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Showing posts from September, 2014

Supporting Students with Print Based Disabilities

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"There is a place in UDL for remediation. However, we must first determine the nature of our beliefs about students and their disabilities. When I ask an English language arts teacher whether a student with a visual impairment can receive an A in their course - even if the novel or play they are studying is not available in Braille, the answer is always yes. When I ask them how they would assess this student, they quickly respond that they would read the text aloud or use an audiobook, and then assess the student's understanding of the book. For the sake of argument then, we are saying a student who cannot read the text can still receive an A in English. Yet when I ask teachers weather a grade 9 student reading at grade 3 level can receive an A in their course, the answer is almost unanimously no. When asked why, they respond that he student cannot read the texts required in the course, and is not meeting expectations for reading. In other words, a student with a visible disa…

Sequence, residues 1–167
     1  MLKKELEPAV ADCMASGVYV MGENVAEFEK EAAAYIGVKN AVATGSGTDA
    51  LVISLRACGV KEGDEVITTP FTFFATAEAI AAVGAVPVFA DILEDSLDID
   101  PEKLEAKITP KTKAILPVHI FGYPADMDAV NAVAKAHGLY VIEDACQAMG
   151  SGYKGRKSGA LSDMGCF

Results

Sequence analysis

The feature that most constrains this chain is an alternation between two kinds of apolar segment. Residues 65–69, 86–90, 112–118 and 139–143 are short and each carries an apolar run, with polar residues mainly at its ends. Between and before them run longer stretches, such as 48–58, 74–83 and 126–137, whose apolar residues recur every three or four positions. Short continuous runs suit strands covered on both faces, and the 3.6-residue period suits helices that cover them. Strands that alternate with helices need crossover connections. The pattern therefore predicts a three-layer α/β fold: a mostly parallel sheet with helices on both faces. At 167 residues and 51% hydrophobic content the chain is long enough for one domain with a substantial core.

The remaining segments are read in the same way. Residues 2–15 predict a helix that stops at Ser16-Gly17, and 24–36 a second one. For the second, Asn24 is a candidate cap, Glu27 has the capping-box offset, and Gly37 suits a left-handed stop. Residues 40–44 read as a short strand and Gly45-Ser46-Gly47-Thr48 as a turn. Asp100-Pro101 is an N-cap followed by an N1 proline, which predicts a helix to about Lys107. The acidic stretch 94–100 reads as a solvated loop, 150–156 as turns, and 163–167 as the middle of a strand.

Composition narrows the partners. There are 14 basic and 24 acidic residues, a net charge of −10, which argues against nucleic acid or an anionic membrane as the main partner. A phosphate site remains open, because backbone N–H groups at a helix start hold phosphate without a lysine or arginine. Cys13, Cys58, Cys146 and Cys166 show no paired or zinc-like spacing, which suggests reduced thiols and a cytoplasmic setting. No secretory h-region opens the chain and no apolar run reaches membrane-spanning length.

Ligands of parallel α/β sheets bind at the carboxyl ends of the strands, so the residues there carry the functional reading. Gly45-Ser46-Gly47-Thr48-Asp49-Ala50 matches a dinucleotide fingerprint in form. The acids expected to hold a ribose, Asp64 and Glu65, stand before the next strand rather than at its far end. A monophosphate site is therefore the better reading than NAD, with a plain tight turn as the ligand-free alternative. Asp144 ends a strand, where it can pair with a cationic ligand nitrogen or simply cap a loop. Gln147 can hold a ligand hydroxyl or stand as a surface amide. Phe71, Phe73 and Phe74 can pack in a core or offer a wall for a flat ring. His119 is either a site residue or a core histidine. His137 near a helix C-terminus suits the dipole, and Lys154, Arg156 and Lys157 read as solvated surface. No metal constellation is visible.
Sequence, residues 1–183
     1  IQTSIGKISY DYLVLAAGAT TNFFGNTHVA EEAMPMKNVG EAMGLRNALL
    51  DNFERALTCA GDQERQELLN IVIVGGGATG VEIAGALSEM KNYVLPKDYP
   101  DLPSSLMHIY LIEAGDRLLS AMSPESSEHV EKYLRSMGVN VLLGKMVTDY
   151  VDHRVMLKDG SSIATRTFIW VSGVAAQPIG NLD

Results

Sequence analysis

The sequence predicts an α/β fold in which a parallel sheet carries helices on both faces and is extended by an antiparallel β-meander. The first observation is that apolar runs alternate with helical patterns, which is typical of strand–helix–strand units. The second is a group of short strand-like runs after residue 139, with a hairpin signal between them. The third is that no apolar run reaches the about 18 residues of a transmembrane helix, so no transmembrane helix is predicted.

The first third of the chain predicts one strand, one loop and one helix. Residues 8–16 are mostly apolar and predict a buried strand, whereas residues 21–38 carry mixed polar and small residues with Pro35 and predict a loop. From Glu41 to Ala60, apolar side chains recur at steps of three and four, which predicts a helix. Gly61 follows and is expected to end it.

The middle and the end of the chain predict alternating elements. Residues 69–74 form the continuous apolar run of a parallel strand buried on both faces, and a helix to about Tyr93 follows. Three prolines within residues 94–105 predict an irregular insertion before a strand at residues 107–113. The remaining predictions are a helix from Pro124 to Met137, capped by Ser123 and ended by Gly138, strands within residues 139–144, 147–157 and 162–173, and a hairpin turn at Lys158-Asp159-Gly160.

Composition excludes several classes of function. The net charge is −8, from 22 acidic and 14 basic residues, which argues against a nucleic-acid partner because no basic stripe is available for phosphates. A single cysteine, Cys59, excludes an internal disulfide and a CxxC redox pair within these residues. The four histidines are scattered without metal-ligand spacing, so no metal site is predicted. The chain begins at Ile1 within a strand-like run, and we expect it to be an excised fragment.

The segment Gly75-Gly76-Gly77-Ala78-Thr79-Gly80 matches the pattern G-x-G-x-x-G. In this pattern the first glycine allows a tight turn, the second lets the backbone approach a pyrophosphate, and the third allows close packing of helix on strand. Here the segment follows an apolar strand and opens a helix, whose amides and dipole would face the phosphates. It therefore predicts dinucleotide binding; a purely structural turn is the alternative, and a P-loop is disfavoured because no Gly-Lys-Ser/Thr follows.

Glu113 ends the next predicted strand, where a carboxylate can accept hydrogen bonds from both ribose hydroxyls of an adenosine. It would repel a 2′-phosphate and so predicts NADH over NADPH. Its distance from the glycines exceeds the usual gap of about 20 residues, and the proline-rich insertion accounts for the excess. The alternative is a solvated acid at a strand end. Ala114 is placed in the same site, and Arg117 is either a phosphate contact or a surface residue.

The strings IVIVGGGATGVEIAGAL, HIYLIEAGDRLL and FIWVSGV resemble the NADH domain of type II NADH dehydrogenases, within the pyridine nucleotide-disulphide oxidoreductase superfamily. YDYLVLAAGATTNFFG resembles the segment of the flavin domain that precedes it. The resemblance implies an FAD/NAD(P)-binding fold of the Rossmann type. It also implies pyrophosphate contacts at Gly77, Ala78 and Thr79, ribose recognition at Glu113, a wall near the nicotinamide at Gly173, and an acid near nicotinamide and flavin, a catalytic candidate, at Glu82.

Together We Are Stronger

"The 'allegory of the long spoons' teaches us that when we struggle to feed only ourselves, everyone goes hungry. But when we focus on our neighbour’s hunger, we discover there are ways to feed everyone."

Weaknesses (spoons that are too long to reach our mouths) can inhibit our daily functioning if we think only in terms of trying to feed ourselves with what we currently individually have in our hands.  If we step outside the box though and consider other strategies and other ways to use the resources that we collectively have, we can find ways that we can all be fed. When we remove students whose spoons are too long for them to feed themselves from their natural communities, we also remove all the solutions and stabilizing factors that exist within that collective community... which affects all members of the community.